Christopher Wright takes up the topic of idol worship in relation to mission in one chapter. The biblical understanding of idols is double. First an idol is nothing. It is just the work of human hands. There is no real deity behind it since there is only one God.
The other biblical perspective is that idols are demonic. They represent something dark. They represent powers and spiritual forces.I think Wright means something like Jesus’ use of the term Mammon. Mammon is a god. But Jesus spoke of it realistically as the power behind wealth. The idea of Mammon may be a human construct, but wealth does become a real power in people’s lives.
So idols represent both a human construct and actual powers or structures, especially those powers that challenge God for influence in our lives. But we should remember that human social structures and traditions are all constructed. We are today familiar with that stereotypes and expectations may be socially constructed. The biblical critique of idolatry enables us to see many socially constructed aspects of life and religion that do not necessarily reflect the one true God.
However, the fact that they are human constructions shows that they can be overcome. Since they have been constructed, they are destructable.
There are relatively few biblical passages that speak of idols as demons. The main emphasis is that idols are works of our hands. They come forth from the imaginations of our hearts. In other words, they are human constructions.
We conduct mission over against idolatry. Mission exposes the gods as weak human creations that deprive the true God of his glory and distort the true image of God in us.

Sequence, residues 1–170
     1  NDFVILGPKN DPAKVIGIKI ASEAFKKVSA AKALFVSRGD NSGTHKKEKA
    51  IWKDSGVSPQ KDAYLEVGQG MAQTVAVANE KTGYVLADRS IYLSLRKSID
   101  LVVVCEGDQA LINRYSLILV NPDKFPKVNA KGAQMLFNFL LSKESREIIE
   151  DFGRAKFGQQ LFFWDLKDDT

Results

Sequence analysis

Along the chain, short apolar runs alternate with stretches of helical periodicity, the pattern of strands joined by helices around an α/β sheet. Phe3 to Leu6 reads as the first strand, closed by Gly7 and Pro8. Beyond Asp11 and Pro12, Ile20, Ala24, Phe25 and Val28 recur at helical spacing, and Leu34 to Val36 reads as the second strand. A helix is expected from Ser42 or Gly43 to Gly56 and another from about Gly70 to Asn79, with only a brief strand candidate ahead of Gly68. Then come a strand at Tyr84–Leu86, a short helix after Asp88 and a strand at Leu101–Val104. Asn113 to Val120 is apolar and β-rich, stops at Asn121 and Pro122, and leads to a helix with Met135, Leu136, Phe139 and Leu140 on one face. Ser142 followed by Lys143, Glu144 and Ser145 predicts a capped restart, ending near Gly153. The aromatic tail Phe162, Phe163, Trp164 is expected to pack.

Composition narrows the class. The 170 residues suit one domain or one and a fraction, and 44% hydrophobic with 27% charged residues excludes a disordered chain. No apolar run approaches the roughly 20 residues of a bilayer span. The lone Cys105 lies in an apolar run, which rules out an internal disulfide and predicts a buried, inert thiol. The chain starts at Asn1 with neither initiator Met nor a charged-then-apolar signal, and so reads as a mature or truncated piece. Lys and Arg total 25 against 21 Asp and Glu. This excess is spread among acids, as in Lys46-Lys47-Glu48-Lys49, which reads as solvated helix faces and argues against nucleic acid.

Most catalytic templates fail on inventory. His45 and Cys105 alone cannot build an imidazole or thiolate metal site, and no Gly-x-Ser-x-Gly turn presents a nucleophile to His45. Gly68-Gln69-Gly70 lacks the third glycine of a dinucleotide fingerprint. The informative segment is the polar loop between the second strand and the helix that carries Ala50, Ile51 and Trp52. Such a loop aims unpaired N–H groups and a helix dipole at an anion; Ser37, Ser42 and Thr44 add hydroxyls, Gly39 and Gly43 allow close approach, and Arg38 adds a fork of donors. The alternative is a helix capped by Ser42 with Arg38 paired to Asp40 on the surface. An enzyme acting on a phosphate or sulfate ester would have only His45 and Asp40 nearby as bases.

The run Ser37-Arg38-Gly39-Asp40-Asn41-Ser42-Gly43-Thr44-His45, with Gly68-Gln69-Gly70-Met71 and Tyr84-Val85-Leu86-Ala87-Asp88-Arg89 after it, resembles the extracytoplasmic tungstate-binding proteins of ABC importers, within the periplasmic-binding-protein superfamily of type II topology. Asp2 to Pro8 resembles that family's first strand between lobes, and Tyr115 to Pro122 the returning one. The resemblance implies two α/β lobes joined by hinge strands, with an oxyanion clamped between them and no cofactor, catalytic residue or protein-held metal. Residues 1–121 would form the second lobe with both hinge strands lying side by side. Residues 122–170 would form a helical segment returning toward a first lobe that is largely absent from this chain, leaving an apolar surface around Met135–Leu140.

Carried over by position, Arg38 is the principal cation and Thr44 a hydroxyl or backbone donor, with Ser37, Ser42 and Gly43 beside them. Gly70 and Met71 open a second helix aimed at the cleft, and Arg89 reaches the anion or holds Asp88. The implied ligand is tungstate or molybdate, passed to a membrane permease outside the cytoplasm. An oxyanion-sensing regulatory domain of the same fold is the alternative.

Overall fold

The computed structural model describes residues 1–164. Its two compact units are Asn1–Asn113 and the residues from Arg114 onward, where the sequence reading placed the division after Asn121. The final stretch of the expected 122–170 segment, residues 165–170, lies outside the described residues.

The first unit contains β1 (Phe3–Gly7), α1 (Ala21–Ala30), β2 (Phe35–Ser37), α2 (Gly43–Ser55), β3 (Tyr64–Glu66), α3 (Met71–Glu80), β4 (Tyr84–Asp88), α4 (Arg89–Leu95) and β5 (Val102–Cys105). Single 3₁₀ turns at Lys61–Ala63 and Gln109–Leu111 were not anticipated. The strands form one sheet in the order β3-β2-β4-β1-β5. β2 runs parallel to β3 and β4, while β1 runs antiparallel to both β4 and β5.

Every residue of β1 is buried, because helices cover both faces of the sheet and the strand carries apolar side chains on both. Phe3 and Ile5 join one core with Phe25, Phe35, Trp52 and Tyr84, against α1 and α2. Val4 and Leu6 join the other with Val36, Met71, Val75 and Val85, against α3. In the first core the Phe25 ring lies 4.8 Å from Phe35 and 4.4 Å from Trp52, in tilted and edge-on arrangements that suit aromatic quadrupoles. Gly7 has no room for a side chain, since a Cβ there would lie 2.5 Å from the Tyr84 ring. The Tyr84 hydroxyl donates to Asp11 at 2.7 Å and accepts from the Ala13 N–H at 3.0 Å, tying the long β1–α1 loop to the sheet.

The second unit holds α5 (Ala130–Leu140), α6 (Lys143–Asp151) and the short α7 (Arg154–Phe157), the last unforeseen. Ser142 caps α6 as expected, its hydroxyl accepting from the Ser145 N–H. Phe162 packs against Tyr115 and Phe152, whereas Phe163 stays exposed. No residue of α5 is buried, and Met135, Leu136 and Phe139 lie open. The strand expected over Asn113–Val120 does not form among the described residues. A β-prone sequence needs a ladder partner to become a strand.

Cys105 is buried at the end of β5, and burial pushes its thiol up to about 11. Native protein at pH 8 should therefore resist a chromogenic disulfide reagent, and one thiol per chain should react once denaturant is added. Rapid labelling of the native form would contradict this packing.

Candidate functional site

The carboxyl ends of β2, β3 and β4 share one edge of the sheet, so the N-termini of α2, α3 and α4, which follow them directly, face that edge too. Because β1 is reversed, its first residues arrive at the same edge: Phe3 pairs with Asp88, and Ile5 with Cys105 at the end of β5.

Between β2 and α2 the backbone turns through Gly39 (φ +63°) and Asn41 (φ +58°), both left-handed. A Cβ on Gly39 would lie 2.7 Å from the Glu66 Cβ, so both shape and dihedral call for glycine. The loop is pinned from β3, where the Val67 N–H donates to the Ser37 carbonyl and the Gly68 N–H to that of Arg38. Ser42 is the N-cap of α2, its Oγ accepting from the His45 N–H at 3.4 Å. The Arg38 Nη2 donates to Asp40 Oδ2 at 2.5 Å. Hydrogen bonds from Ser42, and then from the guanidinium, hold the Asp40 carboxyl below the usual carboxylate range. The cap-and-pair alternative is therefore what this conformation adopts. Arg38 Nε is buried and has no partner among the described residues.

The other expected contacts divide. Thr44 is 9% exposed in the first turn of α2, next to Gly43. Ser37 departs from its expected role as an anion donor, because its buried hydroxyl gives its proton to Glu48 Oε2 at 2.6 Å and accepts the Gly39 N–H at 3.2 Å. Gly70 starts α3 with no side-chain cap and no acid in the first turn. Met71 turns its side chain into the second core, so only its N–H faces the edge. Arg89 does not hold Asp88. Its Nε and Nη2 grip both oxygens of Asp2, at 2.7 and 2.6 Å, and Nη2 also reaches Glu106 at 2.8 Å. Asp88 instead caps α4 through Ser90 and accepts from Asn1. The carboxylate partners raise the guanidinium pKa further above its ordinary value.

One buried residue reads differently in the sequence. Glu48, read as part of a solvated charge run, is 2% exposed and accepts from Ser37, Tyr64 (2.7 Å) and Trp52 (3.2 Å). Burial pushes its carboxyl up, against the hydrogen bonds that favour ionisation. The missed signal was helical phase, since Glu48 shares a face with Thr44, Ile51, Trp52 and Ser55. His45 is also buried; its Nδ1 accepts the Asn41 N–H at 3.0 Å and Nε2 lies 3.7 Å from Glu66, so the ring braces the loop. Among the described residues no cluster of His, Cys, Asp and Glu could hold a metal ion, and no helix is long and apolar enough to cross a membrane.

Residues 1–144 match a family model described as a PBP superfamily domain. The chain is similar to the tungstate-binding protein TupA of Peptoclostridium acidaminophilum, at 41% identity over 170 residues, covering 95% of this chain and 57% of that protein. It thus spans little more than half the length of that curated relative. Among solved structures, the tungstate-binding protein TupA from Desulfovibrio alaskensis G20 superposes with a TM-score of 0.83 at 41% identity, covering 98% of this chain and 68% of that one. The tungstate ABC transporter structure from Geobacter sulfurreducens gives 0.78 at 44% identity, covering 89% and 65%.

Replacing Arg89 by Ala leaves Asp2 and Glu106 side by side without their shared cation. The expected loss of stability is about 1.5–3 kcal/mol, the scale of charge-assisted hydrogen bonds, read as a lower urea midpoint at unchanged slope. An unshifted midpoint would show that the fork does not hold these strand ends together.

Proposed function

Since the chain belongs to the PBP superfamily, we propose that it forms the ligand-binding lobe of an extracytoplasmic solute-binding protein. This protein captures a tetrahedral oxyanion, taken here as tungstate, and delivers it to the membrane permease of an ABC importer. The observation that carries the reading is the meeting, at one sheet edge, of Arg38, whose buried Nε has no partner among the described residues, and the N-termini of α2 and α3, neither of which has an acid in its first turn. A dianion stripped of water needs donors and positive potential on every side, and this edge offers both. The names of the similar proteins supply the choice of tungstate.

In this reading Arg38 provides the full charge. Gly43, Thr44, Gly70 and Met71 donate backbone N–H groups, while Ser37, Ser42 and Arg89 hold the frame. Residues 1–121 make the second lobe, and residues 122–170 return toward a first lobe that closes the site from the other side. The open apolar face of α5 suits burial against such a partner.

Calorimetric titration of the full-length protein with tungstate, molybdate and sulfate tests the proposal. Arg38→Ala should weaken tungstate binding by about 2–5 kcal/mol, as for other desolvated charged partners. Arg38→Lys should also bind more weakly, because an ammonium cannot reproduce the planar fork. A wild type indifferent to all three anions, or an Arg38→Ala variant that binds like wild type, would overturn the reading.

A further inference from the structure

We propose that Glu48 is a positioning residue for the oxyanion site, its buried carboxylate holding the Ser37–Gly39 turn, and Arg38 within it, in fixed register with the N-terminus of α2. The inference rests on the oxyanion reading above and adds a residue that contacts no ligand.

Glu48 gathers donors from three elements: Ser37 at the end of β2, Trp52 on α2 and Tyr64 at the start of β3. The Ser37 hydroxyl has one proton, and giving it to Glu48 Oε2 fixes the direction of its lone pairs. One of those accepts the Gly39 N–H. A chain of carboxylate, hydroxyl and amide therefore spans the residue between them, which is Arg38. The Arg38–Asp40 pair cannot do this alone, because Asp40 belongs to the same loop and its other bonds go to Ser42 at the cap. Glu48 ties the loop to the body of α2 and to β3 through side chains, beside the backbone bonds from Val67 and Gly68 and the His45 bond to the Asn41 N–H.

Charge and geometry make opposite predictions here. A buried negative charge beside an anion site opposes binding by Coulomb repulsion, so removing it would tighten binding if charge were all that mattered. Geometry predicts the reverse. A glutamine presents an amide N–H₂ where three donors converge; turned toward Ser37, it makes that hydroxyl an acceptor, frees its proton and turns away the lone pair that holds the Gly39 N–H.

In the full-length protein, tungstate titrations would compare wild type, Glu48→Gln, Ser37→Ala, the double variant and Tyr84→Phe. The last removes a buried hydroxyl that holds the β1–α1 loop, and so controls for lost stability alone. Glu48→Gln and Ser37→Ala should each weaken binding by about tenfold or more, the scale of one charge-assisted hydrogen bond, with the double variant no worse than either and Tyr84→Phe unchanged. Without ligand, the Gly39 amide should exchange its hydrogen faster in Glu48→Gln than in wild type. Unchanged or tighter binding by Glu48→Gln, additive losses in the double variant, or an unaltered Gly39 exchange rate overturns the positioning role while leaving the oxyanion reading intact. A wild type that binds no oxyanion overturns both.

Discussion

Wright has not been too specific in this chapter about the powers behind modern idolatry. The use of constructionist philosophy gets fleshed out in political terms by other writers. Walter Wink is just one writer who does this.
I am a doubter when it comes to this theory. Jesus’ use of Mammon is one clear example of something like this in the Bible. Most of the idols in the Bible, though, really are material idols and represent actual religions, not social structures. Even Mammon in Jesus’s day probably connected to the image of the Emperor on coins. The Bible personifies money and death as powers. But are they (especially death) socially constructed systems that are amenable to analysis and deconstruction?
To think in terms of abstractions like empire, patriarchy, or capitalism seems to impose modern categories on biblical metaphors. There are other theories about what the Pauline letters mean by “principalities and powers.”
I think one of the attractions of the philosophy or epistemology of social constructionism as an interpretation of idolatry is that it avoids attacking those religions that have idols or totems. So it seems more sensitive to the idea of multiculturalism.
Christian mission comes under fire today for having a crusading spirit. The idea of displacing other religions was a part of mission for a long time. We are struggling with that today. So interpreting idols in a secular way as socially constructed systems is attractive. It avoids contending against other religions. However, it introduces political contention into mission. One wonders if that is a great advance.
So far Wright has not gone too far with that. Perhaps he won’t.
I like to point out that Western Christianity often fails to bring the Eastern Orthodox perspective into discussions of idolatry. Since God became flesh in Jesus, icons are now permitted. God has revealed himself as one who can be represented by an image. The minimalist impulse in Calvinism, Puritanism, and the Radical Reformation has played down the importance of imagery in spirituality and worship.
By raising these more specific issues, I am just saying that, up to this point, Wright leaves me wanting something less vague. His insight (that idols are treated in the Bible mostly as human works that cannot represent God but also sometimes as dark powers) is true. He uses the word: paradox. But is it a paradox that we can resolve?